- A pure-play media company with a powerful outsourced content creation platform that organically grows its audience, leading web properties that reach over 100 million monthly unique visitors, and an integrated monetization platform that incorporates branded, network and mobile revenue streams; and
- A pure-play domain services company that would be the only end-to-end provider offering registry services, expansive wholesale and retail distribution, and comprehensive aftermarket services.
“Both businesses have grown to become leaders in their respective markets, and we now want to provide additional operational and strategic flexibility to drive sustainable growth,” said Richard Rosenblatt, Chairman and CEO, Demand Media. “We believe a separation will position each business to better pursue its specific strategic priorities and vision, as well as improve transparency for investors and enable the capital markets to better assess each company’s value, performance and potential.”
Rosenblatt added: “We intend to appropriately capitalize both companies to pursue their distinct growth opportunities, such as the upcoming launch of new generic Top Level Domains that is a transformative event for our domain services business, as well as further diversifying our content offerings in our media business.”
“Demand Media anticipates that the potential transaction will be in the form of a tax-free distribution to U.S. stockholders of new publicly traded stock in the domain services company. The Company expects that the completion of this transaction could take place in the next nine to twelve months. ”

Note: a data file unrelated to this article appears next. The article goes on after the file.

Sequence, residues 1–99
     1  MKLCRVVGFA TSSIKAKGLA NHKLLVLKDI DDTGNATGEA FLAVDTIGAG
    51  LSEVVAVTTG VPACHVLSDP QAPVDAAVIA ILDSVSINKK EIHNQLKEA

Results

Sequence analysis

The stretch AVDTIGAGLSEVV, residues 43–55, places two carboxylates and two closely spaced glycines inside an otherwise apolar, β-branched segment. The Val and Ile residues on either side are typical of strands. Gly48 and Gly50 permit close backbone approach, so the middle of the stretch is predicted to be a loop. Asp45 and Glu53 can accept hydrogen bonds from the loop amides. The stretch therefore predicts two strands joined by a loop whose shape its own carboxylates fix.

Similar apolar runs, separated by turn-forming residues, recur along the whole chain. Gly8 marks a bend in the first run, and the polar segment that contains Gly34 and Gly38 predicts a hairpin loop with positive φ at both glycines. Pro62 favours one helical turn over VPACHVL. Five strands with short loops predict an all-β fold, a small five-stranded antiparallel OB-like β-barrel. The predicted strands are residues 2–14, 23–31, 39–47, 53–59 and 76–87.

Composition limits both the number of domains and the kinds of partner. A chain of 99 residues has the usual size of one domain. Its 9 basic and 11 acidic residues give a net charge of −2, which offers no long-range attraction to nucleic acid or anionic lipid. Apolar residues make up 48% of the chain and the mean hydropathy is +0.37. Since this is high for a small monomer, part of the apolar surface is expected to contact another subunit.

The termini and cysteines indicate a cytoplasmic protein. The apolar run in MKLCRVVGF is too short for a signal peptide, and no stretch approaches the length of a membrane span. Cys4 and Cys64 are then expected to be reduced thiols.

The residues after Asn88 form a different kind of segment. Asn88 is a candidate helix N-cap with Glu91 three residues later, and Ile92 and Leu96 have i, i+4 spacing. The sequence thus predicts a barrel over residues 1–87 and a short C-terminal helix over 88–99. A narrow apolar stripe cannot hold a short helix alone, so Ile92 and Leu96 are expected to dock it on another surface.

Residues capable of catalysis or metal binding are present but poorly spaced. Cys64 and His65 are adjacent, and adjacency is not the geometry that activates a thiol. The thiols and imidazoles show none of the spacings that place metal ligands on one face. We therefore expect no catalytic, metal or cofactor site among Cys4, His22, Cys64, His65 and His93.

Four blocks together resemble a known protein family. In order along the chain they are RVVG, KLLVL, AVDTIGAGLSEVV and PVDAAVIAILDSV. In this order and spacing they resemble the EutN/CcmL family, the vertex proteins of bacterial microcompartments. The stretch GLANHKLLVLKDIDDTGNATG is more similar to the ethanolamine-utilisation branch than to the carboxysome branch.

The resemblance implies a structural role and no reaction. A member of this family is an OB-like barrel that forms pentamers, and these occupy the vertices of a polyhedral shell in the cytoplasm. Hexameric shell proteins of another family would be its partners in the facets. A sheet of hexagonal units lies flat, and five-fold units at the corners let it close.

This would be a very interesting move by Demand separating the content and traffic business away from the Registry, Registrar and domain Aftermarket.
Demand of course owns Enom.com the world’s second largest domain name registrar and recently acquired Name.com a registrar with around 1.5 million domains under management.
Demand also applied for 26 new gTLD’s in its own name and with Donuts for another 107 new gTLD’s.
Demand is also the back end provider for all of Donuts 307 new gTLD applications.
Demand Media, Inc. also owns part of NameJet.com a large domain name aftermarket channel that is also competing for business in the new gTLD landrush, auction and aftermarket space.
If all of these businesses were in a separate company from Demand’s eHow and content business would that part of the company be more attractive than the whole?…